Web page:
The trash that Goa has been welcoming to the state in the name of tourism for quite some time now portends a trend where it’s quantitative, and not the qualitative aspect will gain active endorsement. As it is, the apparent bias shown towards promoting South Goa as an equally vibrant tourist destination has resulted in North Goan beaches featuring as THE face of tourism in the state.
The crowds thronging the beaches at Calangute, Baga and Anjuna in the north clearly exemplify this ‘discrimination’. It is not that Colva or the Palolem beach down south are any inferior when it comes to the scenic splendour they afford visitors to these sandy shores. With the mad rush witnessed at these places, it was but natural that over a period of years the existing infrastructure would not sustain the tremendous load any further.
In this regard, the state tourism ministry has been grossly guilty of overlooking and planning for these eventualities. Whenever we talk of sustainable tourism, it is observed that the tendency to equate the term with the ‘sustainability’ attribute of the whole enterprise and exploiting it to the point of exhaustion of the available resources has spelt doom for tourism in general.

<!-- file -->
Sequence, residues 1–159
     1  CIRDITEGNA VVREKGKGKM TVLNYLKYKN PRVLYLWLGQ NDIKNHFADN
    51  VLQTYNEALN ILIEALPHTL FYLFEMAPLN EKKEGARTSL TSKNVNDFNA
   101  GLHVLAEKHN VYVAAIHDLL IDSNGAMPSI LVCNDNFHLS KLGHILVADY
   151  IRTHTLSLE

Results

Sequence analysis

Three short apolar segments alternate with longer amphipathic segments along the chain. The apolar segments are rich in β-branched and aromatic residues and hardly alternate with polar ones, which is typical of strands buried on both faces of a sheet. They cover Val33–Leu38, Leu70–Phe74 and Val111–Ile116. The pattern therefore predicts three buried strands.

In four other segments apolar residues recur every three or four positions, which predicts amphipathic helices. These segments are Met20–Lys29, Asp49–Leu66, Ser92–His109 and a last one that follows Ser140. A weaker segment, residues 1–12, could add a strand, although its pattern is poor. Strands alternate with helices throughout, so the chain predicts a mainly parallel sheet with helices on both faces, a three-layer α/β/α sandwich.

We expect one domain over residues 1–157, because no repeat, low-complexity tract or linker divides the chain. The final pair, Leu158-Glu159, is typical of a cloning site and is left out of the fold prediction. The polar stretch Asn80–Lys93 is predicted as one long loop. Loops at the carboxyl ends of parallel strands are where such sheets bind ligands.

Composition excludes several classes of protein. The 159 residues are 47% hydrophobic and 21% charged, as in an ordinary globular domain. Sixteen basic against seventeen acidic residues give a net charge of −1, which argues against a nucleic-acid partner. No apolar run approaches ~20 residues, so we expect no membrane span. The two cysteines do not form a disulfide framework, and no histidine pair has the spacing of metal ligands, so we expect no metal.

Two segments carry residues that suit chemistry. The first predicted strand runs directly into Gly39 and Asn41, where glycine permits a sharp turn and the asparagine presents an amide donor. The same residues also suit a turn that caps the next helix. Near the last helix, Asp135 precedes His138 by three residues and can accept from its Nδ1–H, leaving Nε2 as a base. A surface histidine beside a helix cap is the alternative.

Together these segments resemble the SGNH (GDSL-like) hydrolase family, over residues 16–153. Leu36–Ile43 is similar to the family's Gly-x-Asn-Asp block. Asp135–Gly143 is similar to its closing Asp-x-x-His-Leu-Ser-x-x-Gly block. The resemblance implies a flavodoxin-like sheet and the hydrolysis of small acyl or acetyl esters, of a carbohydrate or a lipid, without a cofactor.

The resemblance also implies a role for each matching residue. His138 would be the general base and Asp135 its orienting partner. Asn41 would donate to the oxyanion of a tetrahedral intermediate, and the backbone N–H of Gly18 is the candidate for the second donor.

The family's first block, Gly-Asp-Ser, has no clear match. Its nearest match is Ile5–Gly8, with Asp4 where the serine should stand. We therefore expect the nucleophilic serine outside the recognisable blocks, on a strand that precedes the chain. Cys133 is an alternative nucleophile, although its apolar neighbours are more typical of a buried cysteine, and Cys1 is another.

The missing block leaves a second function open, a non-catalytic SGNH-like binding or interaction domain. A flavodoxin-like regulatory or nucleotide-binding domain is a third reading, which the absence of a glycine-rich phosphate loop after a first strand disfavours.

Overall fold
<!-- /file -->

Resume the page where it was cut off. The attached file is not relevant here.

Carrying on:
Blessed with nature’s bounties, Goa continues to be a land of unexploited potentials from the tourism point of view. Yet the reluctance shown in expanding its horizons compels the government to fall back on techniques that are obsolete and do not do justice to the untouched magnificence of the state waiting to be tapped for its true worth. Not unlike the rest of the country, Goa too lives in its villages. It’s a different matter altogether that with the rapid urbanization witnessed, it has become difficult to say where the city ends and the rural limit makes itself evident.
However the villages in Goa present visages that could enamour those smitten by the travel bug. But rather than develop these scenic acres, the government has only played mute spectator to the locals quickly cashing in on the prospects of providing accommodation to the tourists by letting out their residential premises. The profusion of bright red billboards with the words OYO embossed on them screaming from atop buildings and homes in and around prime tourist locations makes the invasion by budget-hotel networks in Goa near complete.